Cross Country Checkup

Is the MMIWG Inquiry doomed?

Marilyn Poitras's resignation as a commissioner of the MMIWG Inquiry is just the latest in a series of high-profile departures and controversies that has cast doubt over the process.
Missing and murdered Indigenous women and girls. (CBC)

Sunday on Cross Country Checkup: The future of the inquiry into missing and murdered Indigenous women and girls. 

Marilyn Poitras's resignation as a commissioner of the MMIWG Inquiry is just the latest in a series of high-profile departures and controversies that has cast doubt over the process. Still, Indigenous and Northern Affairs Minister Carolyn Bennett has vowed to forge ahead. Many families are saying they've lost trust in in the inquiry  - while others say they've waited too long for it to be dismantled.

"My main concern is that this commission is going down a tried road. And if it worked, we would all be so fixed and healthy by now. It doesn't work," Poitras told Duncan McCue, explaining why she resigned as a commissioner from the MMIWG inquiry this week.

Her resignation is yet another blow to an inquiry dogged with problems since day one. 

This inquiry was one of Justin Trudeau's first commitments upon becoming Prime Minister. It was a promise to examine "the uncomfortable truths" behind a national tragedy - the high rates of violence suffered by Indigenous women in Canada and the disturbing numbers of disappearance and death.

But the $53-million-dollar Inquiry came under fire early on - criticized by some for having no teeth and being unable to open cold cases or properly investigate complaints of police discrimination. 

Five commissioners were appointed last August. It wasn't long before family members of the missing and murdered began expressing frustrations about lack of consultation, poor communication, repeated delays, and feelings of disrespect.

The inquiry held its first hearing this spring, but turmoil persists - fuelled by the departure of several key staff members and now, the resignation of Commissioner Poitras.

What do you think about the inquiry into missing and murdered Indigenous women and girls?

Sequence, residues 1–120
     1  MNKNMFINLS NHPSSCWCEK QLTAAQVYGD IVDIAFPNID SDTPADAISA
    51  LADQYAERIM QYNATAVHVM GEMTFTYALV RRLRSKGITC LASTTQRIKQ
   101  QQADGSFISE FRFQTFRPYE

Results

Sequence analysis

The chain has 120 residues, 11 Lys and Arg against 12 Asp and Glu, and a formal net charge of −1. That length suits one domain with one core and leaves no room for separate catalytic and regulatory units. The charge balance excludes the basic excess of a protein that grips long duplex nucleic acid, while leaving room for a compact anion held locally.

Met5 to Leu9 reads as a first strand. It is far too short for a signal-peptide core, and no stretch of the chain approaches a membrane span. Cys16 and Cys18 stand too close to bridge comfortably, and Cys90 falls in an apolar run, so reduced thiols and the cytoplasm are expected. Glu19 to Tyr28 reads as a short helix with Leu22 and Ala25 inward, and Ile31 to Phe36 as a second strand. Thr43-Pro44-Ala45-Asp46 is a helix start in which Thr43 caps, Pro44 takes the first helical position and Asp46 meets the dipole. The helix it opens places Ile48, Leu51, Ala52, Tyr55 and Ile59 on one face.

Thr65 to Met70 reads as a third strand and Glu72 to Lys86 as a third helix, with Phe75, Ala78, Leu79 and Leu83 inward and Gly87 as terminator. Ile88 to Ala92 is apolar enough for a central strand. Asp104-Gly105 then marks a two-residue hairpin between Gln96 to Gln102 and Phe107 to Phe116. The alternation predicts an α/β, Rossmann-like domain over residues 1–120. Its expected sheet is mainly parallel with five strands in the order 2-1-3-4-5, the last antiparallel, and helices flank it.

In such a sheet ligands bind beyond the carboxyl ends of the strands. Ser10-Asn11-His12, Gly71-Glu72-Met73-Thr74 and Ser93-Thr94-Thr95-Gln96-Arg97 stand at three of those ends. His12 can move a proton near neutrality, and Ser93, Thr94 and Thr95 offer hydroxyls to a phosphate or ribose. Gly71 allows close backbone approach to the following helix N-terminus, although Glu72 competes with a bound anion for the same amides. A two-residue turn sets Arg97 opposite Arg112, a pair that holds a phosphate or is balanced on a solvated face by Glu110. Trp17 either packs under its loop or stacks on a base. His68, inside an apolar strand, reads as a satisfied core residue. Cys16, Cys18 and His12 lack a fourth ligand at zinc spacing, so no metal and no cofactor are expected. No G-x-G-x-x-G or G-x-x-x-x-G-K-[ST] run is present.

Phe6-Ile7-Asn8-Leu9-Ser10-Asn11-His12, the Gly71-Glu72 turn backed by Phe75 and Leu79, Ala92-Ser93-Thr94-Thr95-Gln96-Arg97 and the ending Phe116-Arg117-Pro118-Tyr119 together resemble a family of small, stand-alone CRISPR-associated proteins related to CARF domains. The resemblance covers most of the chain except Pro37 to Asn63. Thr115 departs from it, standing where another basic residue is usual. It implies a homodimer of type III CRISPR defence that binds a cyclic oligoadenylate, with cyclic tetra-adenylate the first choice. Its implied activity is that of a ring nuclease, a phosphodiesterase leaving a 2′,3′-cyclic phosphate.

Some say they've waited too long for it to be dismantled now. Is it on the right track, as the federal Minister of Indigenous Affairs insists? Should the inquiry get more money and an extension, which the Chief Commissioner says it needs? Or as more and more Indigenous groups argue, is it time for a reset? 

Our question this week: Is the MMIWG Inquiry doomed?


Marilyn Poitras
Resigned former commissioner of MMIWG Inquiry

Maggie Cywink
Sister of a murdered Indigenous woman 

Ernie Crey
Chief of the Cheam First Nation in B.C. 

Dawn Harvard
President of the Ontario Native Women's Association

Lori Turnbull
Associate professor of political science at Dalhousie University 

Our live chat:

What we're reading 

Letter of resignation from Marilyn Poitras

INTERACTIVE | Missing & Murdered: The Unsolved Cases of Indigenous Women and Girls

'It's too late in the game': Indigenous leader says MMIW inquiry must continue despite criticism

Listen | 'There's a lot of disrespect': Families want all MMIWG inquiry commissioners to resign

Manitoba families want national MMIWG inquiry commissioners replaced, regional inquiry created

Virtual Reality | Highway of Tears: Canada's Missing and Murdered

'It's not a good feeling': not all families agree how MMIW inquiry should proceed

'What is going on?': Family members want to know what's happening to MMIWG inquiry

Listen | MMIW Inquiry losing support

Missing and murdered inquiry to forge ahead despite resignation of key commissioner

Missing and murdered inquiry's executive director resigns

The Current | Canada's Missing and Murdered Indigenous Women

The Globe and Mail

Leader of missing and murdered Indigenous women inquiry rebuffs calls to start over

Indigenous women's group pulls support from missing and murdered inquiry as commissioner resigns

Opinion: The MMIW inquiry is not doomed to failure

Toronto Star

The Inquiry Insider: A behind-the-scenes look at the MMIW hearings

Help CBC's MMIWG investigation 

Do you have information on an unsolved case involving missing or murdered indigenous women or girls?

Contact us by email at or contact us anonymously via SecureDrop. CBC News continues to investigate missing and murdered indigenous women and girls in Canada, looking at the unsolved cases and telling the stories of the families and communities.